Tschotske: Chotsky: Random, often worthless, items. Knick-Knacks. Junk.

Wander through any of the myriad antique shops around town and ask yourself a simple question. What sort of curious, insightful debris will our generation leave for the collectors of the future? Will it be ancient communication gadgets with dark, unpowered faces? Stacks of decaying and otherwise worthless IKEA furniture? There won’t be any books. There won’t be any records. CD’s, DVD’s? Maybe a few but it’s doubtful anyone will even have devices to play those things in thirty years. Board games? Nope. Cameras? Watches? Not likely. That leaves clothes. Clothes and an abundance of petroleum-based garbage that’ll last for tens of thousands of years. But nobody wants that.

Antiques of the future

Today’s Pet Rocks and snow globes require AAA batteries and a tangle of USB cables. I’m sure you have a pile of this stuff in a drawer somewhere. The unused cell phones, digital cameras, orphan remotes, and a handful of electronic nice-ideas that have long since failed your imagination. Have you looked at how cheaply made and ugly it all is? Yet they linger in that nostalgic limbo between the garbage can and usefulness. These are the types of things we would have previously sold or bequeathed, given to our kids, shown to friends. Sadly, their only destiny is a spot in a hidden land fill where they’ll sleep for the next 35,000 years.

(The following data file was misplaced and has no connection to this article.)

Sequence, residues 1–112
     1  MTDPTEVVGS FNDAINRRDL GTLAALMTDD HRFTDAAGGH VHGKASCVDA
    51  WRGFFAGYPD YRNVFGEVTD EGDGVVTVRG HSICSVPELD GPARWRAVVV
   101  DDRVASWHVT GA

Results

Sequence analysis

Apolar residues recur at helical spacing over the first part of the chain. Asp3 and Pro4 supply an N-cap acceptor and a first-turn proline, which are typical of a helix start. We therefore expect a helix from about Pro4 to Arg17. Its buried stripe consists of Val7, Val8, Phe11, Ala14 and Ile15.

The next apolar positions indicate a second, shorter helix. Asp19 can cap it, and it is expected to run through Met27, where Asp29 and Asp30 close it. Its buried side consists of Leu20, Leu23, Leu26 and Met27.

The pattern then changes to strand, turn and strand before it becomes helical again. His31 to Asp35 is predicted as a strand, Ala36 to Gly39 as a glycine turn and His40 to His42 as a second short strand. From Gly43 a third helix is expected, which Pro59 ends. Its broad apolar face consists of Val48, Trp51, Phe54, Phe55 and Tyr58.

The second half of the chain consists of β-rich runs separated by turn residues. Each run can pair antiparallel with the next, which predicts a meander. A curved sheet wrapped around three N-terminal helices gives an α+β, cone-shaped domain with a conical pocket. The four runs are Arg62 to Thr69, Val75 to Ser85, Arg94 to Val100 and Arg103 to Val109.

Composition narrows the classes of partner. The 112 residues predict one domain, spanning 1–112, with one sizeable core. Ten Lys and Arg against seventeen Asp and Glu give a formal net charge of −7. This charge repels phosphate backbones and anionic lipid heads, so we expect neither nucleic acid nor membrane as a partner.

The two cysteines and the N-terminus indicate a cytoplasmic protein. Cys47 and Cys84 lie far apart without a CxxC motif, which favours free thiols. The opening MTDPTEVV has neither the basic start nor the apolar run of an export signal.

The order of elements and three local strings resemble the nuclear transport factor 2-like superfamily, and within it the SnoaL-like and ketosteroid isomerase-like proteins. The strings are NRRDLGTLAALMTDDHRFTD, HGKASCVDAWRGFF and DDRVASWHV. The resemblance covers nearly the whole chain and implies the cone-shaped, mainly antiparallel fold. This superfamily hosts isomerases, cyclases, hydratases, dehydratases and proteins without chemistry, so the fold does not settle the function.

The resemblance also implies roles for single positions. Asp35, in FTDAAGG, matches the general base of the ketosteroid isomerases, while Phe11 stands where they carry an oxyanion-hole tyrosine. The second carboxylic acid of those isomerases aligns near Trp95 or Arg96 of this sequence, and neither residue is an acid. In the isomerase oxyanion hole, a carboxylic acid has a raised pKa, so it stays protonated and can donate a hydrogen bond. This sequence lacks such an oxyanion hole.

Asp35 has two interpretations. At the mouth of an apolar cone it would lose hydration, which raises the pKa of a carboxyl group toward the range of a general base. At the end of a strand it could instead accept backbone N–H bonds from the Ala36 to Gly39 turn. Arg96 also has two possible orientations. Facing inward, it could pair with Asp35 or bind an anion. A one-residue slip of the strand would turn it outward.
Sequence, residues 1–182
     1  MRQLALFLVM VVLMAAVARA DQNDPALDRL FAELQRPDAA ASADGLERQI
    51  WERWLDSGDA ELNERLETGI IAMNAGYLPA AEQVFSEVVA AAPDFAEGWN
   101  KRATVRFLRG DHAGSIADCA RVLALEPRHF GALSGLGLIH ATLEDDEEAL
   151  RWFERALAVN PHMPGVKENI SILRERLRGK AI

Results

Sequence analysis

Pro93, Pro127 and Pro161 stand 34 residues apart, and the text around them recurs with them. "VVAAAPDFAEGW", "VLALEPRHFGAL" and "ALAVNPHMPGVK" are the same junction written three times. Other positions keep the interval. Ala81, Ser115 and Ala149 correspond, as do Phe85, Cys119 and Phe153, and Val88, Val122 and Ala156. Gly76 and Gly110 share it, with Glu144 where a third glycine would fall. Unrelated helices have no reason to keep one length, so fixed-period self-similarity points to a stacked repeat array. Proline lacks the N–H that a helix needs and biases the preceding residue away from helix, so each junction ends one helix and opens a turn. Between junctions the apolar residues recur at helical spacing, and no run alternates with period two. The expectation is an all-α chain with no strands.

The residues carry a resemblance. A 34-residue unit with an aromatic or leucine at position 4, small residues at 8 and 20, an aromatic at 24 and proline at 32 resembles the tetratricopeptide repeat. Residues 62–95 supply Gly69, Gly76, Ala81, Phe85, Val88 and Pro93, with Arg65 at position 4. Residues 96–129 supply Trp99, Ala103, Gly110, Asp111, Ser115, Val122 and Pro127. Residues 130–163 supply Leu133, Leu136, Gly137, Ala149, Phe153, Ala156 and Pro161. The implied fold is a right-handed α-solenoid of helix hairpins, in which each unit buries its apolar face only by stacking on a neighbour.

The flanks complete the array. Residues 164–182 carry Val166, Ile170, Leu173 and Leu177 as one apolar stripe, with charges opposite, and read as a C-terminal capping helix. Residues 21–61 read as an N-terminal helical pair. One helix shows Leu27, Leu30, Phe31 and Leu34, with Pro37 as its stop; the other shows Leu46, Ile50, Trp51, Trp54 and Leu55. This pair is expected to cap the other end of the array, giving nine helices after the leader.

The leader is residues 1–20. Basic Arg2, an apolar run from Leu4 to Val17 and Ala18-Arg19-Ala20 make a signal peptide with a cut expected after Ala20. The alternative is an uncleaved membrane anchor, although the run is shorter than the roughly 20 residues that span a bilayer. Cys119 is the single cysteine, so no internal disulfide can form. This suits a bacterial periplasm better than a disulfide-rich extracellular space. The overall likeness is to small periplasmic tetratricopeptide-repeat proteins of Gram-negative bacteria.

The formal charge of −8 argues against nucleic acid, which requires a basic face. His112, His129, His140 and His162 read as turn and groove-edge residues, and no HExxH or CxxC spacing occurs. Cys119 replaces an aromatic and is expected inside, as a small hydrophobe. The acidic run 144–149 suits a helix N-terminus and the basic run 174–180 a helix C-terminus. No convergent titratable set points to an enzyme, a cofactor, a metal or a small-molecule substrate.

So what is this generation’s chotsky? Certainly craftsmen will continue creating fine, collectible objects. I’m afraid, however, that the built-to-fail variety has won the race.

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